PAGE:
That sounds very familiar. LOL!SilverDC2 said:1. Price: it has to be affordable and not excessively expensive, $0-$1500 max.
2. Compatibility: it has to be able to use stock wiring harness without question. Because #1 above is a very important issue, I will not spend any more $$$ into modifying it for the new system to work. It also had to still be able to pass smog.
3. Support: there should be strong support for the unit. I dodnt want to be stuck with a system that I had to take to a designated pro hours away from home just to tune the system.
4. Features: there had to be the usual standalone features as well as any bonuses that that particular manufaturer offers. Features are bonuses to the system and make it more attractive.
Why I bought my system according to my priorites:
1. I bought my AEM EMS for $1100 within range of my budget. The Hondata was a choice and I did consider it, but after buying all the necessary parts that I needed to run boost... I would be in the same ballpark as the price of the AEM EMS. That is why I chose the AEM EMS over the Hondata in this department.
Other standalones were looked at too. But after looking at the price and the actual market for them. They seem to be for the real racers ad you do not see a Motec system being used on a street car.
The PMS was considered too but it at the price of $800-$1000 it too was agian in the price range of the AEM EMS.
2. The Hondata would not require an OBD1 conversion harness as I am already OBD1, but not everyone is. I needed to be able to pass smog too and I['m sure the Hondata would have done it for me. But in the end, the price of the system pushed me away from this system.
3. They system had to have great support for their product. I did not want to be stuck with a system that will leave me hanging and like mentioned above, require a real pro to tune it for my street machine.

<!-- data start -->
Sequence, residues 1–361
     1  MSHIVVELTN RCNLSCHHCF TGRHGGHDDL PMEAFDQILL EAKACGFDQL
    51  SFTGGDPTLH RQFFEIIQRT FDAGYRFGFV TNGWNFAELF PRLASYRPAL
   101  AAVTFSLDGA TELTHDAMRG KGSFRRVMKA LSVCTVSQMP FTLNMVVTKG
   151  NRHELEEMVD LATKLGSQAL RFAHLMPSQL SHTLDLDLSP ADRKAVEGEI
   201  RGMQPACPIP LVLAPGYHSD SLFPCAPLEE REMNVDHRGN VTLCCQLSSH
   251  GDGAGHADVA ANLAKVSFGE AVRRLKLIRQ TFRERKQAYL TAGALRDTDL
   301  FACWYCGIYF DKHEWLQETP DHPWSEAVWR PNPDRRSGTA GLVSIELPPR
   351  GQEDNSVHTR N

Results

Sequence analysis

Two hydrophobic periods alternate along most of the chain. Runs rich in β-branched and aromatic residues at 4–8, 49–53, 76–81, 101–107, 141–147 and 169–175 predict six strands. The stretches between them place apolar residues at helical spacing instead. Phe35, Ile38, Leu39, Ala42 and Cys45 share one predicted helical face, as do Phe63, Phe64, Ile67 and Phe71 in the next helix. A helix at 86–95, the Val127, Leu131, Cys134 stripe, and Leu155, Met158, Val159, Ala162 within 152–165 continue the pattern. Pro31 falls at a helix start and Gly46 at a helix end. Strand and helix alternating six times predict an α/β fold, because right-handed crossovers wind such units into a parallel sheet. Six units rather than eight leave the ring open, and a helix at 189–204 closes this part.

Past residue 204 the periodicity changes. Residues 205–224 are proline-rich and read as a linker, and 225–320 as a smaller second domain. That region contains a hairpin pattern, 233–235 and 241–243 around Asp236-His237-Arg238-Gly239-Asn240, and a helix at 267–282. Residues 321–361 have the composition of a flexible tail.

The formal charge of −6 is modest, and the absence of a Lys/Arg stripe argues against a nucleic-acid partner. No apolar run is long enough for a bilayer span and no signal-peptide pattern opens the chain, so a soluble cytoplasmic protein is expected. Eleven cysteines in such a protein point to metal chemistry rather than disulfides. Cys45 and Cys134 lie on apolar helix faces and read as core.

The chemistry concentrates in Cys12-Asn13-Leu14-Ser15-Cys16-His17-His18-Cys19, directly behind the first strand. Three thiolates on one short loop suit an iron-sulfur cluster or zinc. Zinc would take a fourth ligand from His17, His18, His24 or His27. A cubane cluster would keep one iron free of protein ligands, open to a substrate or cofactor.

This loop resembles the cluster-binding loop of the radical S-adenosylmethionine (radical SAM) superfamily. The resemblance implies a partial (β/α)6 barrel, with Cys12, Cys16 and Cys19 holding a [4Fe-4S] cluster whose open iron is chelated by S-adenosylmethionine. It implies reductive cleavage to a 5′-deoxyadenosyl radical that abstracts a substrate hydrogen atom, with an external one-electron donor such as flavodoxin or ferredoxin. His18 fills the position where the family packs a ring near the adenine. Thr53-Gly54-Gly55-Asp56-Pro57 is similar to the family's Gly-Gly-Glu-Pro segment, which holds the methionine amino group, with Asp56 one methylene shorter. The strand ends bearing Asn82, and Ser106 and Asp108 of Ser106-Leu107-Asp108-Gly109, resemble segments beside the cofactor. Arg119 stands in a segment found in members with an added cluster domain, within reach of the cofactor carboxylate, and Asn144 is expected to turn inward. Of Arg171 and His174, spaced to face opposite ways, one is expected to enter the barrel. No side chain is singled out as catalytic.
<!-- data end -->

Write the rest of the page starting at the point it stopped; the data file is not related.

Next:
The Hondata has been out for years and it has been a proven system to work. However, when AEM released their EMS system, they also release a customer support BBS forum, like TI for thier customers to ask questions about features or problems with the system and get real feeback. This was a first for just about any company.
4. The Hondata and PMS (the two that would have fit my budget) would have given me enough of the features that I wanted for a standalone. However, for the Hondata to work like the AEM EMS, the price and customer support falls back into play and the AEM EMS wins again.
With the new AEM EMS, I will be able to do datalogging and tune the car myself with a WBO2 so it will reduce dyno tune as it is very costly.
One other thing that I would like to point out. The Hondata requires buring new ROMS for a new setup. The AEM EMS just just a file on the laptop that can be looded into its flashable ROM and the AEM EMS has enough memory to store your setup.
Whatever you choose, make up a list and base your buy on whats inportant to you. The information may seem a little bias towards the AEM EMS here, but thats because that was how I came to my decision based on my criteria priorities.
SilverDC2 said:Hondata, you will have to convert to OBD1, so when they do the ECU readout test, you will fail also since its an OBD1 ECU.